Hey Tigers fans. Guess what: this season is actually fun! There is nothing worse in sports than apathy. We hate it when we suspect teams of it and the watching experience becomes no fun when we’re inflicted with it. I mean look at the Pistons right now. Only the masochistic of us actually wants to sit and watch that team.
So yes, while the Tigers are giving us reasons to tear our hair out and get into Twitter wars with someone who isn’t quite sure he wants to be a parody account of a historic Tiger or not, at least they’re giving us SOMETHING. It’s why we’re sports fans to begin with. We live for the moments that make us feel physically ill.
Nothing is more depressing than watching a team only because you feel like you have to. We’ve done that enough as Tigers fans.
I’m not trying to tell you how to root for the Tigers. I just want you to know that it could be worse. So for the remainder of the season, I’m writing this feature to remind Tigers fans of that.
On this day in in 1995 the Tigers lost to the Orioles, 6-2
Games behind in the division: 23
- Chad Curtis, CF
- Bobby Higginson, RF
- Travis Fryman, 3B
- Cecil Fielder, DH
- Lou Whitaker, 2B
- Tony Clark, 1B
- Alan Trammell, SS
- Phil Nevin, LF
- Ron Tingley, C
P Felipe Lira
The first thought that came to mind was, “Holy crap, Fielder, Whitaker and Trammel were still on the team in 1995?” But clearly that didn’t help. There were worse teams in the 90s, but this team wasn’t that good.
The Tigers kept it close for most of the game, trailing 2-1 until the eighth when Baltimore dropped a four spot. Hitters 5-9 didn’t record a hit (sound familiar?) and that includes the Tigers’ two pinch hitters.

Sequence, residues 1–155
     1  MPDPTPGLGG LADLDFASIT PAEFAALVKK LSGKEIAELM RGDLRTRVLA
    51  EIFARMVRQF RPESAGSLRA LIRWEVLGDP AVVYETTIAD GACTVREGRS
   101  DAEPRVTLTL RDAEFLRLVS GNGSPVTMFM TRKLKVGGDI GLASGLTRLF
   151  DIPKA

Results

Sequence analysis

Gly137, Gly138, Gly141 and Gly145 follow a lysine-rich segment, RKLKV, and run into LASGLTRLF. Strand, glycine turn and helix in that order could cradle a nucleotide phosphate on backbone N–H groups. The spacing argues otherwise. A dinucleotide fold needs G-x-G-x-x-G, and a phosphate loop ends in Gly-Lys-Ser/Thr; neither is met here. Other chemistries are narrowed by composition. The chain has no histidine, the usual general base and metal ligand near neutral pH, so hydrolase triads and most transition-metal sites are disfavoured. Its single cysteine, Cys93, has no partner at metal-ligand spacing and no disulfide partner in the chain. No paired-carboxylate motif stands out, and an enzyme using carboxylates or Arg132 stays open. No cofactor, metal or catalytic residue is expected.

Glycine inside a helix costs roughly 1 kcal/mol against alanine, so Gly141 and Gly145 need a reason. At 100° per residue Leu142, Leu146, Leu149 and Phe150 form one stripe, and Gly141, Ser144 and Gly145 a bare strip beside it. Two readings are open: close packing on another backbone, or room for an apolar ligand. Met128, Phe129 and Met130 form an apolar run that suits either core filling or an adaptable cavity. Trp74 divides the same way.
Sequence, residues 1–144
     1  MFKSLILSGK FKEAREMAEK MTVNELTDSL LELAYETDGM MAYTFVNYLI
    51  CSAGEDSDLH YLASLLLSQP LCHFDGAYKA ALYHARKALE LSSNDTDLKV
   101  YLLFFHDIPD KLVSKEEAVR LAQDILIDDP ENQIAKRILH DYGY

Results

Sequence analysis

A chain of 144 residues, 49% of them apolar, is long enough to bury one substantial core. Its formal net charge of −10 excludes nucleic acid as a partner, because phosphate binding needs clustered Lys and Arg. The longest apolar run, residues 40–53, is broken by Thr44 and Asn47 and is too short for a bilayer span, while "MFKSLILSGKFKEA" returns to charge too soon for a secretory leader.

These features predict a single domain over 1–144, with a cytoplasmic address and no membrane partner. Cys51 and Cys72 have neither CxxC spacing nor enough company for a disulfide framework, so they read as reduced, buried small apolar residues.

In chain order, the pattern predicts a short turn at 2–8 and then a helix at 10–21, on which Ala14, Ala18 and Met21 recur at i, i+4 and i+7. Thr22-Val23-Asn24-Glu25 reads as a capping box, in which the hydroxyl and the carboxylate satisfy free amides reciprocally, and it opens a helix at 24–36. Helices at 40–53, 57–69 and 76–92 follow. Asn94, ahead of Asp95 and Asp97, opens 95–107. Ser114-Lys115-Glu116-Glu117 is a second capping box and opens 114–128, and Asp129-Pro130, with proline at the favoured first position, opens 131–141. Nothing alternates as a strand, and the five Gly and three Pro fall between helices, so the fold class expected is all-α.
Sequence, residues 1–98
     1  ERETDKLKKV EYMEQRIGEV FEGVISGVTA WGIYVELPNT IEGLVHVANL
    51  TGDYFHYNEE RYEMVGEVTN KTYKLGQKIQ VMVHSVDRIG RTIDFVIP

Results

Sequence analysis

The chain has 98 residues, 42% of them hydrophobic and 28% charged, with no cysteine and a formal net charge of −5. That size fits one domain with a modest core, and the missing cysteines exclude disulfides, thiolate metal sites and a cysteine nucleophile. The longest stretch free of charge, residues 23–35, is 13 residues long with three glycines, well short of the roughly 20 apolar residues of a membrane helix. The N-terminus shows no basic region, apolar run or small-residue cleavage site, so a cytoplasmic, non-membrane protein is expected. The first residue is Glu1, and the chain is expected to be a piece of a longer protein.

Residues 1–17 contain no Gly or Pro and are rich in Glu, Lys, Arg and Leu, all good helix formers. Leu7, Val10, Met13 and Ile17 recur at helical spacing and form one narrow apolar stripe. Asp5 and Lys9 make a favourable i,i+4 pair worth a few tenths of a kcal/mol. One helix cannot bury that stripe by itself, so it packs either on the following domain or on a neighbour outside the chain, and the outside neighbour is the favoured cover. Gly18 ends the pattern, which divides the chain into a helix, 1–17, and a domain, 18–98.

The Tigers’ two pinch hitters:
Derrick White: He pinch hit for Cecil Fielder. White hit a healthy .188 in 1995, his longest cup of coffee in the bigs (36 games). After 1995 he wouldn’t play again until 1998, where he played 40 games for the Blue Jays, Cubs and Rockies before his career ended. This guy pinch hit for Fielder.
Franklin Stubbs: He pinch hit for Tingley. Stubbs was actually a former World Series winner, playing first base for the Los Angeles Dodgers during their 1988 run. But 1995 was a long way from his prime. Stubbs was in his final MLB season and it was the first time he played in the MLB since 1992.
This team in the 80s might have been pretty good. Not so much in 1995.
So, yeah. If you prefer watching the shadows of once great players toiling 23 games behind the division leader, then September 18, 1995 was your JAM. If not, then remember. Today could be worse.